Parajayapedan nikuvanno?: ‘Hanging Out’ in Ethnographic Research

Parajayapedan nikuvanno?: ‘Hanging Out’ in Ethnographic Research

Mary Ann Chacko

Mary Ann Chacko

Assistant Professor, School of Arts and Sciences

Hanging Out in Ethnographic Research
Mangoes! On the walk home from school...
Those of us who engage in qualitative research, especially ethnographic research, spend a lot of time with the people whose lives we are studying. Hanging out, or ‘deep hanging out’, as the famous anthropologist Clifford Geertz put it, is a research method whereby an ethnographer spends extended periods of time with research participants in their ‘territory’, such as schools, playgrounds, workplace or even homes, engaging in informal casual interactions. These interactions are crucial for providing valuable insights into the everyday lives of people whom an ethnographer studies. On reading about ethnographers discussing how they hung out with their participants, it sounded like the easiest and coolest thing to do! You know, like chilling out with a bunch of people, talking about everyday stuff. 

My own first experience of doing an ethnographic study was for my doctoral research. I studied a school-based police cadet programme in government schools in Kerala. I am fluent in the language spoken by my research participants, that is, Malayalam. I was once a school teacher, and the cadets were ‘children’, 8th and 9th graders. To top it all, I have excellent social skills (or so I thought)! Under such circumstances, hanging out with these school children was the least of my concerns when I started my fieldwork.

I was, hence, completely unprepared for the anxiety that gripped me once I set foot in Periyar High, the first of the three schools where I conducted my fieldwork. I reached Periyar High at the beginning of the school year and was warmly welcomed by the teachers. It was very comforting to sit and chat with adults in the staffroom about schooling and related issues. But as each day passed—I worried—how can I find a way to talk to the students? In desperation, I devised a ‘plan’.

During lunch breaks, I would walk out of the staff room and pace the corridor in front of the classrooms. The high school classrooms were located on the second floor of the building and the corridor looked out onto the school yard. As I paced the corridor, I was attentive of the attention that I was receiving from students seated inside the classrooms having their lunch. I would, at times, glance into the rooms and give a sweet smile! At other times, I would stand looking out at the school yard. After one or two of such desperate attempts, a group of 8th graders came up and started chatting with me. They already knew that I was a researcher visiting their school. We briefly introduced ourselves, and before we parted, they invited me to join them for the monthly lunch hosted by a Hindu temple in the neighborhood.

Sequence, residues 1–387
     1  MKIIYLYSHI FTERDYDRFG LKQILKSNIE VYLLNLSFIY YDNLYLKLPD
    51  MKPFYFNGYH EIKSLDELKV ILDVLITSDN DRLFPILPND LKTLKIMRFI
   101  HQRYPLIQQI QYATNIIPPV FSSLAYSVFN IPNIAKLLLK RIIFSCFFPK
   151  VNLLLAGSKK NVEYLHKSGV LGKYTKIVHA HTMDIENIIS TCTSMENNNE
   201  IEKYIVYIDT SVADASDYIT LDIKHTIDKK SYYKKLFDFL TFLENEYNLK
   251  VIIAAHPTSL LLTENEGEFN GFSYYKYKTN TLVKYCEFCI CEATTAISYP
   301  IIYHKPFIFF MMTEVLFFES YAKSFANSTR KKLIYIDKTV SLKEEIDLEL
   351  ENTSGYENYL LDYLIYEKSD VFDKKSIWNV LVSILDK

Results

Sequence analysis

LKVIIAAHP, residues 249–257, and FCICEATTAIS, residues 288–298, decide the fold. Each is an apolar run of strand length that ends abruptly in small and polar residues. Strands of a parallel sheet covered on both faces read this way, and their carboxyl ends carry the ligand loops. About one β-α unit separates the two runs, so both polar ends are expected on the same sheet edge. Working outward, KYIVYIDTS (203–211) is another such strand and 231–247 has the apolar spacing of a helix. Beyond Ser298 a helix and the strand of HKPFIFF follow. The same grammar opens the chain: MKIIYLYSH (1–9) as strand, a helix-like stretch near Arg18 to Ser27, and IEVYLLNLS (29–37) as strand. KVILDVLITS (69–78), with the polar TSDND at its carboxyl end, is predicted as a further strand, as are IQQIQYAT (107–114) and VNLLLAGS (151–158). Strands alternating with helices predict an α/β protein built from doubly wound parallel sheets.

Hanging out, however, did not become easy for me despite that ice-breaker. A day or two after this conversation I was once again pacing the corridor, and Ajay, one of the 8th graders I had briefly met, came up to me and asked, “parajayapedan nikuvanno?” (Are you standing here to be introduced to us?). I blushed with embarrassment, gulped, and said yes. I felt embarrassed that my strategy had been so obvious to them! With time, however, I developed an easy familiarity with the students at Periyar High and over the next four months I spent every week day with them in the school, visited their homes, visited the neighbouring town with them, accompanied them for the monthly lunch at the nearby temple and joined them on field trips organised by the cadet programme. 

In short, while doing an ethnography, I realised that ‘hanging out’ is an intentionally crafted experience that is vital for establishing rapport and gaining the trust of one’s research participants. The Social and Political Sciences Major of the School of Arts and Sciences at Ahmedabad University is distinctive in its emphasis on fieldwork. Come and hang out with us to know more about ‘hanging out’!
 

Author's Profile

Mary Ann Chacko

Assistant Professor, School of Arts and Sciences

Mary Ann Chacko is an Assistant Professor in the School of Arts and Sciences at Ahmedabad University. She is an educational anthropologist who loves learning about society from young people. Her research interests include critical childhood and youth studies, citizenship education, the interaction between police and young people, and gender issues in education. She obtained her EdD (Doctor of Education) degree from Teachers College, Columbia University, New York. 

Tags

Anthropology, Ethnographic Research, project-based learning, Kerala


Share this article:

 

Your browser is out-of-date!

For a richer surfing experience on our website, please update your browser.Update my browser now!

×